Alexander the Great Tomb Yields Newly-Discovered Mosaic

The floor mosaic discovered in Amphipolis, Greece Photo: Ekathimerini

One of the largest ancient burial sites ever found in Greece, featuring a magnificent mosaic, is currently being excavated by archaeologists, the BBC has reported. The discovery was made in the northern city of Amphipolis and was announced by the Greek culture ministry on Sunday.

Experts believe that the tomb, dated to the 4th century BC, may be linked to Alexander the Great. The size and splendor of the tomb indicates that it was constructed for a very important individual. Some commentators have suggested that it could have been the resting place of a member of Alexander’s family, perhaps his mother or wife. Alternative suggestions propose that it belonged to an unrelated Macedonian noble, or that it could be a monument.

The centerpiece of the tomb is a three-meter-wide (10 feet) and 4.5-meter-long (15 feet) floor mosaic made up of hundreds colorful pebbles. It depicts a man with a laurel wreath on a horse-drawn chariot led by the Greek god Hermes. In Greek mythology, Hermes conducted the soul into the afterlife.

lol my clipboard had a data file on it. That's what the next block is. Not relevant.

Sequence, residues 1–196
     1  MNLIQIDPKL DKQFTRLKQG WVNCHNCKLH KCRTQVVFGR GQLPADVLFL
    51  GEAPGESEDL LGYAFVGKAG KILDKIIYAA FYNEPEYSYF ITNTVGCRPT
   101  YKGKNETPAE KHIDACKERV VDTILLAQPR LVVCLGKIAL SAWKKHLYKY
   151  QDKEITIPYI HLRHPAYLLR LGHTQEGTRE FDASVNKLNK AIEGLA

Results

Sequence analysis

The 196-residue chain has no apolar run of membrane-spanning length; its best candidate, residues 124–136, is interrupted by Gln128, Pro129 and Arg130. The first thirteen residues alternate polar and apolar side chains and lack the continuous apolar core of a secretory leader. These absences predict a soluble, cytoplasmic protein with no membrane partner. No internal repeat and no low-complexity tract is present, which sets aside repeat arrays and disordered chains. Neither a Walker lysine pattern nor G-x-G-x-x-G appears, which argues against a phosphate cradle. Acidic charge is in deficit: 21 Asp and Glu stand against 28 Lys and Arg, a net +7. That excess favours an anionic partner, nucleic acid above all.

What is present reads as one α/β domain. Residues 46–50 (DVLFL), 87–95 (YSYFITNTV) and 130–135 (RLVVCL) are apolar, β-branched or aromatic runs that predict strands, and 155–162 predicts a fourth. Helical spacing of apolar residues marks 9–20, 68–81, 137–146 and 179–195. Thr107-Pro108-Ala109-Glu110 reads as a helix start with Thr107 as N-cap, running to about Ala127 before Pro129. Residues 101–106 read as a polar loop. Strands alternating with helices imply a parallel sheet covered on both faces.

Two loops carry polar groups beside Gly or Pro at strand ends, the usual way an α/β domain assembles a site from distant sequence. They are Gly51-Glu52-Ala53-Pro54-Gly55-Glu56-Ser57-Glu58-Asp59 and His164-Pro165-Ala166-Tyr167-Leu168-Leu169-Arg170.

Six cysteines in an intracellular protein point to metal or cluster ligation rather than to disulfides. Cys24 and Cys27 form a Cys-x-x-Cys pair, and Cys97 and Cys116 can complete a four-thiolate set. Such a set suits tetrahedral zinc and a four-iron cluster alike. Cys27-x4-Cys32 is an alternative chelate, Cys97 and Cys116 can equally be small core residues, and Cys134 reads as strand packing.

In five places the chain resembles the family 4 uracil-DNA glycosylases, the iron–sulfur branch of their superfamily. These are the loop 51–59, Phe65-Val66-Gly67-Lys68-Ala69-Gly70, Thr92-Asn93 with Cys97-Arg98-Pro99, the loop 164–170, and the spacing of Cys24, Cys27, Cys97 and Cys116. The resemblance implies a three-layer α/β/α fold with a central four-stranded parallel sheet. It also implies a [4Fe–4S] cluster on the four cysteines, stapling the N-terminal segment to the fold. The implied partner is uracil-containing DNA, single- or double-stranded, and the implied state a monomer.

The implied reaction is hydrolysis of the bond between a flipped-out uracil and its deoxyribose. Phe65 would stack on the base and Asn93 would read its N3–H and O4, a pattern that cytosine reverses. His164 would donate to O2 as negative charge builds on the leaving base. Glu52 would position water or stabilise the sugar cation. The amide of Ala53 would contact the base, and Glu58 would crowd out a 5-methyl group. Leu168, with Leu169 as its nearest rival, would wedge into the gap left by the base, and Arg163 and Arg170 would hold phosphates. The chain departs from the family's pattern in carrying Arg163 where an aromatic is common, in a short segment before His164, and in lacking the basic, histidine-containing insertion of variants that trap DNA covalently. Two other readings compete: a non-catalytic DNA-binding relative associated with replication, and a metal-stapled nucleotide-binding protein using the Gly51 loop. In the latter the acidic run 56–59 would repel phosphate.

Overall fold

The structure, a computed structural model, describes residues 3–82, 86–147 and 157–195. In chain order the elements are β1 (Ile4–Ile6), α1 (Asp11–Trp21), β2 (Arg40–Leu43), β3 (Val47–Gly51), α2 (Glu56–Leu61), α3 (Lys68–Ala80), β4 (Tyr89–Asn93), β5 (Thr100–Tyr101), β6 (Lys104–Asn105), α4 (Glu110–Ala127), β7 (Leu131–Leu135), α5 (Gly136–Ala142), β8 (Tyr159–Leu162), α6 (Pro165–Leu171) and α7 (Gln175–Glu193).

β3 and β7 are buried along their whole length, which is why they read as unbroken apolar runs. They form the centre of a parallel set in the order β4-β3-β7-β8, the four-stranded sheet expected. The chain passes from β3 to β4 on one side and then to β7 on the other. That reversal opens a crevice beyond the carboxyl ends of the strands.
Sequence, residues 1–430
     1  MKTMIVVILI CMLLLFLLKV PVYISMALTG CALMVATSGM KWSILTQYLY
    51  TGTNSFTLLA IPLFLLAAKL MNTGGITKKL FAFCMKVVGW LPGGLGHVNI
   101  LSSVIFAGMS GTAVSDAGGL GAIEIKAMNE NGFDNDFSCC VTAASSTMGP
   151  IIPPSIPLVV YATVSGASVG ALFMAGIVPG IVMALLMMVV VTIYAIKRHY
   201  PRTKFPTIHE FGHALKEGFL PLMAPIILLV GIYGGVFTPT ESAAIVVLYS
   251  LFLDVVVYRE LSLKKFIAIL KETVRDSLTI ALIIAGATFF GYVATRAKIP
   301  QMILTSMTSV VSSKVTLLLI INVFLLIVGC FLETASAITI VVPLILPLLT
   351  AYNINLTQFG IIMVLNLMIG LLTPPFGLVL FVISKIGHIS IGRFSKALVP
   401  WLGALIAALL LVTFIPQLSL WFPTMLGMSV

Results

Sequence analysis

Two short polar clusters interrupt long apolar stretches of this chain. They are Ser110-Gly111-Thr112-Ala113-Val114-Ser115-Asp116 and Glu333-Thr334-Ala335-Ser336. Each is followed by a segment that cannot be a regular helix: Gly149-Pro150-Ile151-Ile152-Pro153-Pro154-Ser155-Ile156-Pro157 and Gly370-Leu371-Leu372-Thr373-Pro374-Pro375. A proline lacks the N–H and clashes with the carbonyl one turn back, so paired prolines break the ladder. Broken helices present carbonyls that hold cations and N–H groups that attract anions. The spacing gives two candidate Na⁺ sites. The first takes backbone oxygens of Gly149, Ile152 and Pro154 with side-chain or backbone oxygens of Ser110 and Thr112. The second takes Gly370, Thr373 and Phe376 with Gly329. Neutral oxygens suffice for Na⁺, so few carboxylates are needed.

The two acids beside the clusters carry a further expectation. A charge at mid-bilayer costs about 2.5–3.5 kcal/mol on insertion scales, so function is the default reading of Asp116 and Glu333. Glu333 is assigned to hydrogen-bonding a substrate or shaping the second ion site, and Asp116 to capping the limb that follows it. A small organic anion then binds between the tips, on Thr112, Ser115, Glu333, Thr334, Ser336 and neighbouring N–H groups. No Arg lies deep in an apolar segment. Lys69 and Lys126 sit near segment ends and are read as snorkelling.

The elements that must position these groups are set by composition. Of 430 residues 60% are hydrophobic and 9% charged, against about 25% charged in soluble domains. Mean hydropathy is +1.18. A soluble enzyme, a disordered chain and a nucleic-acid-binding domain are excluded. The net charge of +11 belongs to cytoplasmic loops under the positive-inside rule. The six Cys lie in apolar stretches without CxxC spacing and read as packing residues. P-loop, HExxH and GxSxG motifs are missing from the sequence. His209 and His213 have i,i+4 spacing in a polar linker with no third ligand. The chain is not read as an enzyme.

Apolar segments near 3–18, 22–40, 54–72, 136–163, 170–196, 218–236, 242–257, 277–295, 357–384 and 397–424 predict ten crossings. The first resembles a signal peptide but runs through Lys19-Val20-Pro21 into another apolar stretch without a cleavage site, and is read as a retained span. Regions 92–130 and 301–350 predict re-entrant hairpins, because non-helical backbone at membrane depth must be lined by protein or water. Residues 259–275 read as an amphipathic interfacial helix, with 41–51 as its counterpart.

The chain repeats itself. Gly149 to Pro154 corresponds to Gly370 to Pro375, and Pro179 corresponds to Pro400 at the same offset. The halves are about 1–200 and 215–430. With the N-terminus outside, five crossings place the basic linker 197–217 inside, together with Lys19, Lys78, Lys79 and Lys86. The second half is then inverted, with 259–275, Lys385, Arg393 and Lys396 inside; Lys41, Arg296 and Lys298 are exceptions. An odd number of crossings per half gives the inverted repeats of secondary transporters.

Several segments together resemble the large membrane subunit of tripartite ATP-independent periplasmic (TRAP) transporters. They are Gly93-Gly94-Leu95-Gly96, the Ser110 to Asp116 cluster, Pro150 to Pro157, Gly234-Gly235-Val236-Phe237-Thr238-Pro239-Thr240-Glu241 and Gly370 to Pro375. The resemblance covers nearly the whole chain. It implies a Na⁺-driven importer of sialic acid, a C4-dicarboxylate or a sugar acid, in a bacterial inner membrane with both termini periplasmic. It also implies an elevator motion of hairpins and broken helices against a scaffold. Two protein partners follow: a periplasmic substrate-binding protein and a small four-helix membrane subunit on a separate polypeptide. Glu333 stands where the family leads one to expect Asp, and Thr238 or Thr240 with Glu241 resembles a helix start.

Experts are currently undertaking the meticulous task of reconstructing a damaged circular area near the middle of the floor with fragments found throughout the tomb. Archaeologists are hopeful that once complete, the reconstruction of the mosaic could provide further clues about the origin and background of the tomb.

Reports have described that the discovery has engendered great Greek patriotism and pride in the austerity-hit country.

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